University at Buffalo defensive end Demone Harris never played organized football – never once even put on football pads – until his junior year of high school.
Four years later, his entire on-the-field game experience amounts to eight high school starts for Bishop Timon-St. Jude and a handful of plays in mop-up duty last season as a redshirt freshman for UB.
Yet Harris has worked his way from a walk-on to a scholarship player at UB and will be starting on the defensive line when the Bulls open their season Saturday against Albany.
“It’s amazing,” says UB coach Lance Leipold.
“God is good,” says Harris. “It’s not because of me. It’s just hard work, and I’m blessed.”
Harris’ rapid rise on the UB depth chart is a testament to his size and determination, along with the Bulls’ dearth of experienced defensive ends.
At 6-foot-4 and 275 pounds, Harris has exactly the kind of long-armed, rangy body that college recruiters covet in an edge-rushing prospect.
“He has the size you need,” said UB defensive line coach Tim Edwards. “Athletic. His ceiling is way up there. He’s young. His best days are ahead of him. Hopefully we can get some of those days this weekend and next weekend.”
Harris attended the Buffalo Academy of Science Charter School in ninth grade but wanted to transfer to Timon-St. Jude, where he saw more athletic options and better opportunities for college.
That meant a financial sacrifice for his mom, Ramona Sherry, who works as a housekeeper at Erie County Medical Center. She raised Demone and his three brothers as a single parent.
“I told her if she pays for me to go to high school, I’ll pay for me to go to college,” Harris said. “I had to beg and plead her, but it happened. It was definitely a sacrifice for her, but she saw I was passionate and she believed in me.”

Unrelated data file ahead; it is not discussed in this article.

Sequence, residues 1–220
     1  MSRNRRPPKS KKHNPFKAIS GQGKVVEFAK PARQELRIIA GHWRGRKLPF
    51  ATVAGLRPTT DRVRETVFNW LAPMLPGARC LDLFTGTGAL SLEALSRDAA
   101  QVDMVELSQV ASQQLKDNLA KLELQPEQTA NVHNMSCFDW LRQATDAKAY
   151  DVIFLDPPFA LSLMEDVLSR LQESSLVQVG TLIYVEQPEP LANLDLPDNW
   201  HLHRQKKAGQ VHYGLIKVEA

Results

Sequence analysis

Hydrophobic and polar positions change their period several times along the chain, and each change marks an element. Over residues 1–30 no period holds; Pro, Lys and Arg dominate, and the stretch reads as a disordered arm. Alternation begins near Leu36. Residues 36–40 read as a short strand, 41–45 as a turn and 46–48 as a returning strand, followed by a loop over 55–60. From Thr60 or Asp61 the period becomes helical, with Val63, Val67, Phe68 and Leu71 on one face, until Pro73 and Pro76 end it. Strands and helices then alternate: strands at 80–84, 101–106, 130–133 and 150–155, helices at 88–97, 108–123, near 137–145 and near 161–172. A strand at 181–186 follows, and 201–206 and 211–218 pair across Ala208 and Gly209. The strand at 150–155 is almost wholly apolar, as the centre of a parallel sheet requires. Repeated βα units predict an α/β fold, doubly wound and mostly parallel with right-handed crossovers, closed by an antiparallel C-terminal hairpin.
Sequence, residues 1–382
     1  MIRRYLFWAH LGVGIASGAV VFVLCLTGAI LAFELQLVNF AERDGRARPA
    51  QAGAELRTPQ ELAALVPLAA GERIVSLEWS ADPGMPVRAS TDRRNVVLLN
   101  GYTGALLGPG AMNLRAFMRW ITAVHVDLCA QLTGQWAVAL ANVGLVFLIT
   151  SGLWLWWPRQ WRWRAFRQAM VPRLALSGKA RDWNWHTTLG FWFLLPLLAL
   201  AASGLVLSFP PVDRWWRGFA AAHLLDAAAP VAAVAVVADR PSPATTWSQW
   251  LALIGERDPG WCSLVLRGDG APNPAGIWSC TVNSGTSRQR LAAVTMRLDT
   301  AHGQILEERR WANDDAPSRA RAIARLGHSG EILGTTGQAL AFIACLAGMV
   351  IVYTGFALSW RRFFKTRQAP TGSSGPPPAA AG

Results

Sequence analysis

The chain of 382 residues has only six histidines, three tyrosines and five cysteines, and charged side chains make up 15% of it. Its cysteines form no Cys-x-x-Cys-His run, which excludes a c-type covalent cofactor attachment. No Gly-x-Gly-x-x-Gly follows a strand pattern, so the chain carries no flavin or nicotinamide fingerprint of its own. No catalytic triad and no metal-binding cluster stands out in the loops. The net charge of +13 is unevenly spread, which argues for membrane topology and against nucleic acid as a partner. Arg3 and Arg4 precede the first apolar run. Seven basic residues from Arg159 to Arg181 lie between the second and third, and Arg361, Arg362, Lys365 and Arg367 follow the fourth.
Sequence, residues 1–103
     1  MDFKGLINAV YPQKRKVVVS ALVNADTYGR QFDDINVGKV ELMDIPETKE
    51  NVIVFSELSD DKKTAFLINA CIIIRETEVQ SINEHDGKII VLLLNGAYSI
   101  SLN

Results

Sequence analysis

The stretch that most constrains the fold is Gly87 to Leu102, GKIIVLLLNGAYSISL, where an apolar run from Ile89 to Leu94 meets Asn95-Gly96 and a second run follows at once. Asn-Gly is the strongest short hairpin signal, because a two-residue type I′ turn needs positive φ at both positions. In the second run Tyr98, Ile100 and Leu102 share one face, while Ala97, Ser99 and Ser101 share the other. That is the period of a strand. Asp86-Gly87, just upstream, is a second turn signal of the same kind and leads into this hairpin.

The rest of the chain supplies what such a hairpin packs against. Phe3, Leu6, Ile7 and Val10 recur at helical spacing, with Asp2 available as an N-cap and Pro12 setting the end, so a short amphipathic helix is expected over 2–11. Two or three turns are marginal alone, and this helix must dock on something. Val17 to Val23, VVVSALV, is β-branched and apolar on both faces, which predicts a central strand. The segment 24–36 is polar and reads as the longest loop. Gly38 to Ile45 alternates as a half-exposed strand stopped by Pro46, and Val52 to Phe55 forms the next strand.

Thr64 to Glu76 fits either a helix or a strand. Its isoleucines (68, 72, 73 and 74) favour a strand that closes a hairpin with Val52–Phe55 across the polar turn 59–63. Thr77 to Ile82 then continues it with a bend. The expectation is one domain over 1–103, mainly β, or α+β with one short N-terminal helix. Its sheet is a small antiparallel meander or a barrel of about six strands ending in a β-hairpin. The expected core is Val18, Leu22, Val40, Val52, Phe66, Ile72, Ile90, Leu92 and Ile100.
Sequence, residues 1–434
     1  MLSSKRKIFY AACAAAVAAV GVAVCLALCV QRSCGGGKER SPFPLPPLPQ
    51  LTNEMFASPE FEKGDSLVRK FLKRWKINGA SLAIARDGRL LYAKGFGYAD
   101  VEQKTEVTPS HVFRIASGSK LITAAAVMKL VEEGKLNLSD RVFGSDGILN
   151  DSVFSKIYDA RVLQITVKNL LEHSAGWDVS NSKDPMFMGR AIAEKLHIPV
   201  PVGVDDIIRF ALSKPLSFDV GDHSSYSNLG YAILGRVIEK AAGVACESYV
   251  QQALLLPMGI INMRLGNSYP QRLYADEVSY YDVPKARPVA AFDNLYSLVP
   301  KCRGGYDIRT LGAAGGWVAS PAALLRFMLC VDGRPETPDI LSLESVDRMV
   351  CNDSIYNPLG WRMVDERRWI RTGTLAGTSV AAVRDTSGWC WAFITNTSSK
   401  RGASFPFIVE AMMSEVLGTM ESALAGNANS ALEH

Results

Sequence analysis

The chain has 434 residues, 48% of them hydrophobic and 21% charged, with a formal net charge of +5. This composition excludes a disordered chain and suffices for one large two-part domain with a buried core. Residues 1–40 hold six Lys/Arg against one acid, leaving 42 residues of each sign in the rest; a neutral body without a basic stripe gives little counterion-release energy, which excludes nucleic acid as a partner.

Harris played basketball as a sophomore, then was talked into joining the football team by Timon-St. Jude coach Charlie Comerford.
“I saw Demone as this huge, striking kid, and you knew he’d be a good player eventually,” Comerford said. “He’s one of the best kids I ever coached. Never missed a lift, never missed a practice, never came late, ever. He literally got better every day.”
Harris played as a 225-pound stand-up defensive end for the Tigers and says his role was “go get the quarterback.” He was dominant as a senior but didn’t even make All-Catholic.
“I didn’t really play until the last two games my junior year because I was just learning the game,” he said, “then I missed four games my senior year because of an ankle sprain.”
UB’s director of player development, Greg Meyer, is Comerford’s brother-in -law. So Harris was on the Bulls’ radar as soon as his junior year ended.
“We saw a film of him after his senior year taking off from the foul line and dunking a basketball and said we’ve got to find a way to get this kid into our program,” Meyer said. “We made him a preferred walk-on.”
Harris added 45 pounds in his first year and a half at UB, and former head coach Jeff Quinn rewarded him with a scholarship last summer.
That’s a day Harris says he never will forget.
“I didn’t even make it out of the office,” he says, “before I called my mom and said, ‘Hey mom, they put me on scholarship. I told you this was going to happen!’ ”
Harris says he learned a lot from UB great Khalil Mack while sitting out in 2013. Harris worked hard with his coaches to improve his fundamentals this offseason.
“I’m better at playing against the run,” he says, “holding the edge, using my weight, using my long arms, understanding the natural pass rush game, understanding contain rushes and having contain responsibility.”
Few if any players in college football have had less game experience than Harris. Can he become an impact player as early as this season?
Leipold is hopeful and takes a long view.
“It goes back to what we’ve said about recruiting New York State players,” Leipold said. “There’s so much upside. You look at his growth potential. He’s 275. Who knows what he can be another year from now weight-wise? There’s a lot of flexibility he gives us as he continues to embrace the game of football.”
Harris can’t wait for Saturday.
“It’s very exciting,” he said. “I’ve worked extremely hard. I owe it all to my family, where I come from, and I use that as my strength to push through every day.”